Here, in Redwharf Lane, was the office of the firm of Denham, Crumps, and Company. Mr Denham stood with his back to the fire, for it was a coldish autumn day, with his coat-tails under his arms. He was a big bald man of five-and-forty, with self-importance enough for a man of five-hundred-and-forty.
Whether it has become more truthful in the present days, remains an open question. There can be no question, however, that much business was done at the office in Redwharf Lane, and that, while Denham lived in a handsome mansion in Russell Square, and Crumbs dwelt in a sweet cottage in Kensington, Company had kept a pony phaeton, and had died in a snug little villa on Hampstead Heath.
There came a day at last when the rats in Redwharf Lane obtained an entire holiday, doubtless to their own amazement, and revelled in almost unmolested felicity from morning till night. The office of Denham, Crumps, and Company was shut; the reason being that the head of the firm was dead. Mr Denham had died without a will.
There came a day, at last, in which foul air and confinement, and money-making, began to tell on the constitution of Mr Denham; to disagree with him, in fact. The rats began to miss him, occasionally, from Redwharf Lane, at the wonted hour, and, no doubt, gossiped a good deal on the subject over their evening meals, after the labours and depredations of the day were ended!
But although the neighbourhood was dirty and noisy, our modest street, which was at that time known by the name of Redwharf Lane, was comparatively clean and quiet.
"Wot a green 'un!" muttered Tommy, as he gazed at the tiger in blue through a volume of tobacco smoke. "What's the matter, boy?" inquired Bax, in some surprise. "Anything wrong at Redwharf Lane?" "Ye-es that's to say, not exactly, only I've run'd away." "You han't run far, then," said Bax, smiling. "How long is't since you ran away?" "Just ten minutes."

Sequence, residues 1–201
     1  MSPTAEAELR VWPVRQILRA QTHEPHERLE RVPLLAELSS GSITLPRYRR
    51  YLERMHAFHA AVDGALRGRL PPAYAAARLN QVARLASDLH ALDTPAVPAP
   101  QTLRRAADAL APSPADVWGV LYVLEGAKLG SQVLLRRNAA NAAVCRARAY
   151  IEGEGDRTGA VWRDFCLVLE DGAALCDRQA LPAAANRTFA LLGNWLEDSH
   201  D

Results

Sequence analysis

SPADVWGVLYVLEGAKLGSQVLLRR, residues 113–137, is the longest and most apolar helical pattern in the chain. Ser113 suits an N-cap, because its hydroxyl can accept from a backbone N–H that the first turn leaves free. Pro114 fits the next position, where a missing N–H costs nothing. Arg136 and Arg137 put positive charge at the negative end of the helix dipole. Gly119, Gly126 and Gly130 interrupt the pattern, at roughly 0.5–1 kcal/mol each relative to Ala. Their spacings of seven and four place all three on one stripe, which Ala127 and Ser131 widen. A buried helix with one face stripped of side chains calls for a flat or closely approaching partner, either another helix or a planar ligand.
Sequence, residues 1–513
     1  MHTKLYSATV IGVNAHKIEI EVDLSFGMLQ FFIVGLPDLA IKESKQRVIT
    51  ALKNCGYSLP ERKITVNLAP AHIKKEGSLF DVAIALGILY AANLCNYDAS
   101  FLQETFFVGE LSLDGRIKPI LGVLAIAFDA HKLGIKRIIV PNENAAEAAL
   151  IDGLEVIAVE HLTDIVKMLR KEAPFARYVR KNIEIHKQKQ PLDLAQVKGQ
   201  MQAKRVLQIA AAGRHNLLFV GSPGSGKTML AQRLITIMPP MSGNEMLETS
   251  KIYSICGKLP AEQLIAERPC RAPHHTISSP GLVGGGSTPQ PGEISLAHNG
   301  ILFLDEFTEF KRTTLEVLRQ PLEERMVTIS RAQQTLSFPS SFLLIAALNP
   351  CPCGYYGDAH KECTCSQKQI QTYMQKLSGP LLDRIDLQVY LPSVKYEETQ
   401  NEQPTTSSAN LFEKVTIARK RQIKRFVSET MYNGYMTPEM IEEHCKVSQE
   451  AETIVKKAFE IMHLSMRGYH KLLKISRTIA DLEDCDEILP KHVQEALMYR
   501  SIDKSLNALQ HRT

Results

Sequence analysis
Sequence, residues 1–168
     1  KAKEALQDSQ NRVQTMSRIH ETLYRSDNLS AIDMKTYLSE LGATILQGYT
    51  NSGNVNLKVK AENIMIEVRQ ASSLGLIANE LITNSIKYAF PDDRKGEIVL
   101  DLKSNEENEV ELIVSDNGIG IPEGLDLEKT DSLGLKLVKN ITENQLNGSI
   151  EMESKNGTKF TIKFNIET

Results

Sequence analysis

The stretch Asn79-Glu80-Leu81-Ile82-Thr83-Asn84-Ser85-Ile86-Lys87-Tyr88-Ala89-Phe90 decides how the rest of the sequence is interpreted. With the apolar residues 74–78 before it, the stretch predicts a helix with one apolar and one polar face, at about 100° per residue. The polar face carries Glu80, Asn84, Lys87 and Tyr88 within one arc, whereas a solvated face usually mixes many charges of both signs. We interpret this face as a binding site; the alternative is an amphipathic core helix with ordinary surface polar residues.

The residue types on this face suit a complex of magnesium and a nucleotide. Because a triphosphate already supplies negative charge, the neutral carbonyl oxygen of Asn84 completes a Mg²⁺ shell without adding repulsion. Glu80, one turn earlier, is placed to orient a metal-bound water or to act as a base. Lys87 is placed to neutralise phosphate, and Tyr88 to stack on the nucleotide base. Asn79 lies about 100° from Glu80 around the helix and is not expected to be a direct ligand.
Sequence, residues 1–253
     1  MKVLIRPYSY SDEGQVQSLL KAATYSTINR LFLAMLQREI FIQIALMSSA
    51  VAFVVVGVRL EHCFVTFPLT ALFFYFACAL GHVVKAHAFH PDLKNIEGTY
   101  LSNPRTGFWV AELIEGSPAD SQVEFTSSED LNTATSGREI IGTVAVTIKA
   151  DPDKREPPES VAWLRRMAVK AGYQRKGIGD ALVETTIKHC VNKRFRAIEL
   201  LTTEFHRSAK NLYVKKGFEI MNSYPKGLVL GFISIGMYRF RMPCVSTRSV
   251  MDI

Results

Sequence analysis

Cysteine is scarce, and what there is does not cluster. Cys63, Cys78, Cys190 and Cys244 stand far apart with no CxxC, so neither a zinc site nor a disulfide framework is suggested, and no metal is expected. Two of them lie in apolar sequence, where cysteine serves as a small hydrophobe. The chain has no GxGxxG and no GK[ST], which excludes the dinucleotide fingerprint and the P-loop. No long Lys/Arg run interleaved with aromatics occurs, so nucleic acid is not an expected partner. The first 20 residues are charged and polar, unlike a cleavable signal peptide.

It came in the form of a thick fog, which rolled down the crooked places of Redwharf Lane, poured through keyholes, curled round the cranes on the warehouses, and the old anchors, cables, and buoys in the lumber-yards; travelled over the mudflats, and crept out upon the muddy river among the colliers, rendering light things indistinct, black things blacker, dark places darker, and affording such an opportunity for unrestrained enjoyment to the rats, that these creatures held an absolute carnival everywhere.
Her arrival had been already telegraphed to the firm in Redwharf Lane. There was rejoicing that evening on board the "Trident." Men and women and children crowded the high sides of the weather-worn ship, and, holding on by shrouds, ratlines and stays, standing on tip-toe, clambering on carronades, and peeping through holes, gazed long and ardently at the white cliffs of dear Old England.
"Thank you, unc sir," said Guy, who, having been chained to the desk in the office of Redwharf Lane for the last eleven months, felt his young heart bounding wildly within him at the prospect of visiting, even for a brief period, his mother's cottage on the coast of Kent.
He had just arrived at Redwharf Lane, and looked quite fresh and ruddy from the exercise of walking, for Denham was a great walker, and frequently did the distance between his house and his office on foot. Mr Crumps sat shivering in his own room, looking the reverse of ruddy, for Crumps was old and his blood was thin, and there was no fire in his room.
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